• Cead in China Shanghai. Touring print exhibition sponsored by the Department of Foreign Affairs.
  • Cutting the Surface: Woodbine and Black Plastic Printmaker of the month, Wrexham Arts Centre, UK.
  • Stones That Remember Me Clotworthy Arts Centre, Antrim, NI; Island Arts Centre, Lisburn NI.
  • A Passport to Vagrancy Dame Street Gallery, Dublin.
  • Recent Irish Paintings Dean Crowe Theatre, Athlone.
  • My Irish Eyes on Liverpool Again View Two Gallery, Liverpool, UK.
  • A Hard Place to Be (The Spaces between the Stones) Ballina Arts Centre, County Mayo.
  • Country Life Charlestown Arts Centre, County Mayo.


Abbot Exhibition to St Catherine's College, Oxford. Canada Council Scholarships (2) to pursue studies in Asuncion, Paraguay. Government of British Columbia (Canada) Artist in Residence Grants (13). CCTE Grant to lecture in Calgary (Alberta). Artist in Residence at Heinrich Böll Cottage, Achill Island, County Mayo.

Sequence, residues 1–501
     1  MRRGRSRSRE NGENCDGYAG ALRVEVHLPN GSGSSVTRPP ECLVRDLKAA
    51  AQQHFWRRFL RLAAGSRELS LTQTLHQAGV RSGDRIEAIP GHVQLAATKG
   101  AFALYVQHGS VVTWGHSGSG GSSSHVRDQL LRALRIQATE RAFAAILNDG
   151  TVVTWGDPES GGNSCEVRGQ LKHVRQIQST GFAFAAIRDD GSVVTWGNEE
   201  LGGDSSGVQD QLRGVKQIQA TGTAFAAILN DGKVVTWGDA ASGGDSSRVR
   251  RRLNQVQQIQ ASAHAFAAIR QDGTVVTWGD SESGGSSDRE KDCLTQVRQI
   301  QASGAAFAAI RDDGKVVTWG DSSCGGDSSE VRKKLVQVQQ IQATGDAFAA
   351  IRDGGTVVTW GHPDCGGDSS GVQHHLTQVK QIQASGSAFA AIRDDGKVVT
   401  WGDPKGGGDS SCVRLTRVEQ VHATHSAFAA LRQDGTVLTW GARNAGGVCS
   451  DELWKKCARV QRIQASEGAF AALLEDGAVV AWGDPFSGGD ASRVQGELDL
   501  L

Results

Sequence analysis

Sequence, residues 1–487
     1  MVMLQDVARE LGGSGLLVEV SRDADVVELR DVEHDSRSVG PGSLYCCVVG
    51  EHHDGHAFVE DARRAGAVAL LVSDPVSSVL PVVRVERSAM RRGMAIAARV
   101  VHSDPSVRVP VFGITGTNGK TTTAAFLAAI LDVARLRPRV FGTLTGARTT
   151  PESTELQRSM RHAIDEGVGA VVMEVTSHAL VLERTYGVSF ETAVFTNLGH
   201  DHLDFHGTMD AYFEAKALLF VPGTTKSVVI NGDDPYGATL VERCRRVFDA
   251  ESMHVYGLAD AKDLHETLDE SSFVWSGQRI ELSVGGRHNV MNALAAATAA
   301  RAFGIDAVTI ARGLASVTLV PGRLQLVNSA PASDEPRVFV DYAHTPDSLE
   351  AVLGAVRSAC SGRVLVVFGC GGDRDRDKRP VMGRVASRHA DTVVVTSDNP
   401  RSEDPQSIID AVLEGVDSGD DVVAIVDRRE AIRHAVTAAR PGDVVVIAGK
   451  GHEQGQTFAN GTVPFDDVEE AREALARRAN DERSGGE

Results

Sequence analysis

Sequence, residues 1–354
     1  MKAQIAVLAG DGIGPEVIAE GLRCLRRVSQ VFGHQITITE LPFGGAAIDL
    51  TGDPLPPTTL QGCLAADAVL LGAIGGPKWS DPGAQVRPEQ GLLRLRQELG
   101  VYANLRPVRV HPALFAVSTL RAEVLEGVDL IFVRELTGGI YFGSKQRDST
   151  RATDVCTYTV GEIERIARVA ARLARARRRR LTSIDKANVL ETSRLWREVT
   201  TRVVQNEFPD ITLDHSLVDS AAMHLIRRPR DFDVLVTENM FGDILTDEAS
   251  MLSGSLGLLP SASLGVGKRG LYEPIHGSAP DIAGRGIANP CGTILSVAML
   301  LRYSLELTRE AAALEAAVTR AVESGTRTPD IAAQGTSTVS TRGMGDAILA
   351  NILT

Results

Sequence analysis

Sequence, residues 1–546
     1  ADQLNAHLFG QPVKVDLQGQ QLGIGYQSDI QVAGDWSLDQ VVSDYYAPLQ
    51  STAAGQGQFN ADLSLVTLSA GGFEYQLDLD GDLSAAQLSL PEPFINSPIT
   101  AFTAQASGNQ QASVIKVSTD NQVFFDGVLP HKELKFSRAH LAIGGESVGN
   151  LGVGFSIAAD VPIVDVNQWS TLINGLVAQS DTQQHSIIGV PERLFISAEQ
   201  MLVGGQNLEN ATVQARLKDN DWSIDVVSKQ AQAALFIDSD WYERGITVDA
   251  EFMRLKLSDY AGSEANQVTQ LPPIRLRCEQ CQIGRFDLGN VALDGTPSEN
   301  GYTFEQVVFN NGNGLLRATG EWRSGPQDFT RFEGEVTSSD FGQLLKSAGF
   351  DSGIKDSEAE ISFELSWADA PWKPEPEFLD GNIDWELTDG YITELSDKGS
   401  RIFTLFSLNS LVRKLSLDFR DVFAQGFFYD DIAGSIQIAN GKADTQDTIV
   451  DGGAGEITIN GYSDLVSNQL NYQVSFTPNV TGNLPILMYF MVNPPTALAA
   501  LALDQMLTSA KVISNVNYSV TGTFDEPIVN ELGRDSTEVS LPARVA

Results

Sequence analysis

Artist's Statement 2007

"I paint because I am a coward and enjoy too well the familiar mask the world wears on an average working day. I know this mask covers an illusion that some have seen through, and I know it is my duty to see through it too, but I find it hard to get past the surface of the ingenious canvas on which it advertises itself. I think that human nature generally clings to safety and so do I. A world I can reach out and touch retains a certain maternal cosiness that is very difficult to relinquish. For 40 years I hung on to it like a cat up a poplar tree and I lived as a musician and turned illusion to my own advantage, and was loved. But of course, I never saw the real trick that is played upon us, nor how it was done. Then I hung up my harp, which was getting too heavy to carry anyway, and began to paint.